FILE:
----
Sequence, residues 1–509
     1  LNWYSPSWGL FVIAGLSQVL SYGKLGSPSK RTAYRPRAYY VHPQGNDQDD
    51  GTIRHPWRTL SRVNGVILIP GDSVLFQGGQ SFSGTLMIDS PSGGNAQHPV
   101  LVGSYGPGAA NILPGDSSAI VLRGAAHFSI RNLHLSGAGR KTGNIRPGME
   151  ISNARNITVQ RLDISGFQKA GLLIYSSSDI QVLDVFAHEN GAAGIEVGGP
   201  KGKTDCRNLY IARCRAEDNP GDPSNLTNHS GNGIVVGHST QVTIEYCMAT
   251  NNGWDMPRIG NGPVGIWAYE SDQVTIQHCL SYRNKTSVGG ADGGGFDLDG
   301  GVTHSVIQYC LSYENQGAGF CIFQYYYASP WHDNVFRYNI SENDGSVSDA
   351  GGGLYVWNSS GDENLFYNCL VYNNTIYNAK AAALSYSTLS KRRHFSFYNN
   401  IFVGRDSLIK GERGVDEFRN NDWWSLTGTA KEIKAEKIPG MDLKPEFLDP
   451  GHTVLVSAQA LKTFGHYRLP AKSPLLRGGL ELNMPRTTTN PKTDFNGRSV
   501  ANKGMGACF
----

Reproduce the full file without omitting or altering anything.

Sequence, residues 1–509
     1  LNWYSPSWGL FVIAGLSQVL SYGKLGSPSK RTAYRPRAYY VHPQGNDQDD
    51  GTIRHPWRTL SRVNGVILIP GDSVLFQGGQ SFSGTLMIDS PSGGNAQHPV
   101  LVGSYGPGAA NILPGDSSAI VLRGAAHFSI RNLHLSGAGR KTGNIRPGME
   151  ISNARNITVQ RLDISGFQKA GLLIYSSSDI QVLDVFAHEN GAAGIEVGGP
   201  KGKTDCRNLY IARCRAEDNP GDPSNLTNHS GNGIVVGHST QVTIEYCMAT
   251  NNGWDMPRIG NGPVGIWAYE SDQVTIQHCL SYRNKTSVGG ADGGGFDLDG
   301  GVTHSVIQYC LSYENQGAGF CIFQYYYASP WHDNVFRYNI SENDGSVSDA
   351  GGGLYVWNSS GDENLFYNCL VYNNTIYNAK AAALSYSTLS KRRHFSFYNN
   401  IFVGRDSLIK GERGVDEFRN NDWWSLTGTA KEIKAEKIPG MDLKPEFLDP
   451  GHTVLVSAQA LKTFGHYRLP AKSPLLRGGL ELNMPRTTTN PKTDFNGRSV
   501  ANKGMGACF